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'I Thought I Killed Him,' Driver Told Cops After Hit-and-Run

Wed, 08/25/2021 - 17:01
Daniel Campbell, 19, was arraigned virtually at East Hampton Town Justice Court last Thursday, charged with leaving the scene of an accident with serious physical injury, a felony.
Carissa Katz

He was having a panic attack and didn't know what to do, Daniel Campbell wrote in a seven-page statement to police a few hours after he struck Devesh Samtani, 18, of Hong Kong, while driving on a dark but crowded road in Amagansett to drop off his sister and her friends at a huge house party on Aug. 10. Mr. Campbell said he had not consumed alcohol or drugs, which police confirmed while interviewing him at his family's house on Second House Road in Montauk.

But before he finished writing his account of the accident at 6:31 a.m., Mr. Campbell admitted to knowing he should have stayed at the scene of the accident. "To be a hundred percent honest with you guys," Mr. Campbell told police at about 2:20 a.m., "when I looked at the damage, I thought I killed him."

Mr. Samtani, who was to have started at New York University this semester, died on Aug. 13 of the head injuries he sustained in the accident.

Mr. Campbell, 19, of Montauk and Westchester, was arraigned virtually in East Hampton Town Justice Court last Thursday by Justice Steven Tekulsky, charged with leaving the scene of an accident with serious physical injury, a felony.

Justice Tekulsky said cash bail did not seem necessary; however, he ordered some "non-monetary bail conditions to ensure his return." Mr. Campbell, represented by Edward Burke Jr., was to surrender his driver's license and passport and have pretrial GPS monitoring.

Although suspension of driving privileges is not usually ordered in the case of a single alleged felony charge of leaving the scene of an accident, Justice Tekulsky said his directives were "permissive suspensions" influenced by the alleged crime's gross negligence, reckless disregard to life, and willful evasion of the state's lawful prosecution.

"Frankly, I think leaving the scene of an accident of this nature is sufficient to justify suspension of his privileges," said Mr. Tekul-sky. In discussing the surrender of his passport, Mr. Burke said it was possible that the document was at Mr. Campbell's Westchester house, where he grew up. Mr. Campbell is living now in Montauk and working for the foreseeable future at his parents' store in the hamlet, both of which are factors that Justice Tekulsky said helped him avoid monetary bail.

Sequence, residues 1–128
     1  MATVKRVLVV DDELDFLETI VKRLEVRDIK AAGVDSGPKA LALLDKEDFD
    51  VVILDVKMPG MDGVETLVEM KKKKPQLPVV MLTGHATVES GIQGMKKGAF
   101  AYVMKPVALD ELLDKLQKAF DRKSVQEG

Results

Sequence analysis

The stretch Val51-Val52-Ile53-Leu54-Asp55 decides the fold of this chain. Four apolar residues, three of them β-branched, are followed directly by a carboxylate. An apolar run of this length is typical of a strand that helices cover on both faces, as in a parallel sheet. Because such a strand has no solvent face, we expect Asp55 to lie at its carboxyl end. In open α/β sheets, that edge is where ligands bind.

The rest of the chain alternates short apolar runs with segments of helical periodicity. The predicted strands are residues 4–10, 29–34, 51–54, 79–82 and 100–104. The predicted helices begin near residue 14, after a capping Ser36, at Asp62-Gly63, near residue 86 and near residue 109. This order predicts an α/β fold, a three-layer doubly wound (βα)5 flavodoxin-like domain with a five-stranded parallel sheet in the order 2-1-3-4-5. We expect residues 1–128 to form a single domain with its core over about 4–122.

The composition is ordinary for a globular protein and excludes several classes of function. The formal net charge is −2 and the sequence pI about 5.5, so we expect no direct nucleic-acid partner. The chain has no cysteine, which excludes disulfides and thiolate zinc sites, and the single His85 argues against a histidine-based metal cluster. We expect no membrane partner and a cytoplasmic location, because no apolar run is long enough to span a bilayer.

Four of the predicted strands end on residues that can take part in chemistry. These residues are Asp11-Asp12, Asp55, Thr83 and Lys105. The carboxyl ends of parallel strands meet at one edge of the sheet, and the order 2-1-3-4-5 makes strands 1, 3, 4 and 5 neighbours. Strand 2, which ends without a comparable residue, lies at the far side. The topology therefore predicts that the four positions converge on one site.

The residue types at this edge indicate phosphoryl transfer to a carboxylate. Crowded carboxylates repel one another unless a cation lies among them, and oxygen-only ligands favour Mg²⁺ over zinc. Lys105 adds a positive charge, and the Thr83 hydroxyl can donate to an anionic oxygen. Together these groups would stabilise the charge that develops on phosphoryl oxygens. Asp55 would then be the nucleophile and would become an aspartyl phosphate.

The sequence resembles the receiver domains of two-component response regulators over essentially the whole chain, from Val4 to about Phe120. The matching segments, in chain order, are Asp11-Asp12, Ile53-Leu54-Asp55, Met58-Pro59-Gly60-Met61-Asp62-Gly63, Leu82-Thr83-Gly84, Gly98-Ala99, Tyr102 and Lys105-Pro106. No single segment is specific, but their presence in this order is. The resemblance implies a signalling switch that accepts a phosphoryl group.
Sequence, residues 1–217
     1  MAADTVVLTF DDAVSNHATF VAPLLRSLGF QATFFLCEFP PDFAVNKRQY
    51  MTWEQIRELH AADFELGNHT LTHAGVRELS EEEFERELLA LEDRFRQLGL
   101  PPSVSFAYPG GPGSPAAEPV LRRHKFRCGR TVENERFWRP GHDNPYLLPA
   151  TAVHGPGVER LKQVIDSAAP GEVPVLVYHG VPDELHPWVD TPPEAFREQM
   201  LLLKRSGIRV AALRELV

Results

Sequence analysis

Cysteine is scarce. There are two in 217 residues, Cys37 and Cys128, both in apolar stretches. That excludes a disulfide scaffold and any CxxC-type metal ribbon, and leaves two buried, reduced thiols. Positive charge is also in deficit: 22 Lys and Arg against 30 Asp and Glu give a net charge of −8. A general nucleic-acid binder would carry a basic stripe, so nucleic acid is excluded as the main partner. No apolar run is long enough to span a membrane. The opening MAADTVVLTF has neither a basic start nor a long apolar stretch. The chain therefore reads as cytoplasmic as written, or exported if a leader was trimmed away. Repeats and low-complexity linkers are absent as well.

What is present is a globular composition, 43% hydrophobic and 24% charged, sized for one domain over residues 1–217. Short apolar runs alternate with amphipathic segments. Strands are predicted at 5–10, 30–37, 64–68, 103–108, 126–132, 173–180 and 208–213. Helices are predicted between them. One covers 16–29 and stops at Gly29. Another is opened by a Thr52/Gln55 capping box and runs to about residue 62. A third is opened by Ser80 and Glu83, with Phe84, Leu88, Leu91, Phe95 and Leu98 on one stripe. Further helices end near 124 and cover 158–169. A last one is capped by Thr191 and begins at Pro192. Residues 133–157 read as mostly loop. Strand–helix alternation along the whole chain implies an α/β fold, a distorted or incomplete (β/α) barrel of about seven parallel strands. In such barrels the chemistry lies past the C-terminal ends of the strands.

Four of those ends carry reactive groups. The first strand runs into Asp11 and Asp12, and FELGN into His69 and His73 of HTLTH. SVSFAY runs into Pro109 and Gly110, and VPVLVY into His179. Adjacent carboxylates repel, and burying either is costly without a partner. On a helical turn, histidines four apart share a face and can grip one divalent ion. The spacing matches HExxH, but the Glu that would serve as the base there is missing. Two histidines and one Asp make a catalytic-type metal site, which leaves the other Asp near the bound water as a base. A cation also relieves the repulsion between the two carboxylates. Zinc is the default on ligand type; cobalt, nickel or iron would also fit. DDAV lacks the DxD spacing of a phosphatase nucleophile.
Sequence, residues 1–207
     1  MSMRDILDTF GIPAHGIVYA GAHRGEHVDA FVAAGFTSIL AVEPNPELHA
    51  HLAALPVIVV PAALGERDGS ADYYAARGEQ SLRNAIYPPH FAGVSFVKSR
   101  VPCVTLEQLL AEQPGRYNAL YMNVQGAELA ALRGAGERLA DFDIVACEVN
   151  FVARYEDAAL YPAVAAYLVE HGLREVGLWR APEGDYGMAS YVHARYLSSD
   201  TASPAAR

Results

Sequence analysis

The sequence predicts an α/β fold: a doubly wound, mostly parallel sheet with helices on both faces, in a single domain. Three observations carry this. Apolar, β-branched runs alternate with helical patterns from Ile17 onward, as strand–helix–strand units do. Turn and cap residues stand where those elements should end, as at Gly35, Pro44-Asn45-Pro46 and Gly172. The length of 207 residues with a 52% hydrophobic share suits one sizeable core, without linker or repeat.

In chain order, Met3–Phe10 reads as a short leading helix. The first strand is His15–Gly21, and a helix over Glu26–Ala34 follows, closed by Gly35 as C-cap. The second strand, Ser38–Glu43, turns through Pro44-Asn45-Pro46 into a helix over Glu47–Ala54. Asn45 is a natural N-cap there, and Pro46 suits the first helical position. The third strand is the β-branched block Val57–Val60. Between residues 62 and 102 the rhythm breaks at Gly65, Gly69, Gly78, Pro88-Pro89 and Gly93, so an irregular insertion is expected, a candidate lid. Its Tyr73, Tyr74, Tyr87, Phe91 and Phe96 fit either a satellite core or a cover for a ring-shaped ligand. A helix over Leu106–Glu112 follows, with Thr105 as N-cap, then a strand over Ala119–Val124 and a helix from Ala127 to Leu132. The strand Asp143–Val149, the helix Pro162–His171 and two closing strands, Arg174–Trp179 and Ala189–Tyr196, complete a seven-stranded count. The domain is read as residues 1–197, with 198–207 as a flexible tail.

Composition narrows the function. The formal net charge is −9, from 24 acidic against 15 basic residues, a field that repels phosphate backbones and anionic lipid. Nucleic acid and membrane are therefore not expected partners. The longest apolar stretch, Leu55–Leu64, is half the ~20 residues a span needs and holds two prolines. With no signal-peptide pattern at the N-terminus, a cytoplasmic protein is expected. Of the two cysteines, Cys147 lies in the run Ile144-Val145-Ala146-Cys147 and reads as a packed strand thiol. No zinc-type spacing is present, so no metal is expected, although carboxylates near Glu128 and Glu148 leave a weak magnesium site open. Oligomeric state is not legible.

"If you drive in violation of my order and you are convicted of that, I'll send you to jail for that reason alone, do you understand that?" Justice Tekulsky said to Mr. Campbell. The defendant said he did.

The next virtual conference is scheduled for Sept. 30. Mr. Burke could not be reached for comment yesterday.

In his written statement, Mr. Campbell described a chaotic scene with hundreds, or even a thousand, kids in the road while police were in the process of breaking up the party at 37 Timber Trail. "I have never seen so many people at a party before," he wrote.

He was driving his father's 2012 Honda Pilot with his 17-year-old sister and "four or five" of her friends in the car, which seats eight people, on roads with which he said he was not familiar and which had no streetlights. (Police have not confirmed the number of people believed to have been in the car.) There were still people everywhere, Mr. Campbell wrote, and "some of the kids were walking in the lane of travel."

That's when a young man stepped into the road, according to Mr. Campbell's statement. "I didn't have any time to react and could only slightly turn my vehicle to the left," Mr. Campbell wrote. "I was limited with how much I could swerve because of oncoming traffic and the congestion of the road. Since I had no time to react, I hit this kid with the front passenger side of my vehicle and I think my side mirror on the passenger side."

He drove about 100 feet and pulled over "to process what just happened. At first I just thought this kid just bumped into my car and hit my mirror, so I didn't think it was anything serious." He got out of the car and surveyed the damage, including a cracked headlight, before deciding to focus on taking his sister and her friends back home.

"If I could do it all over again, I would have stayed on the side of the road and called the police," Mr. Campbell wrote.

He said he then drove his sister's car to meet a close friend "at the jetty by Gosman's and talk." He was only at the jetty for about 15 minutes when his parents called him to tell him there were police officers at the house who were asking about an accident. He said he told his parents what happened, and went home, where he was placed in custody by police and taken to headquarters in Wainscott for processing.

"I would like to apologize to the family of the person I hit for this terrible accident. . . . My intentions were never to harm anyone and I tried my hardest to avoid the accident," Mr. Campbell wrote. "I am willing to cooperate a hundred percent in this investigation and will do whatever I need to do to make it right for the family."

With Reporting by Bella Lewis
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Note: This story has been updated since it was first published.


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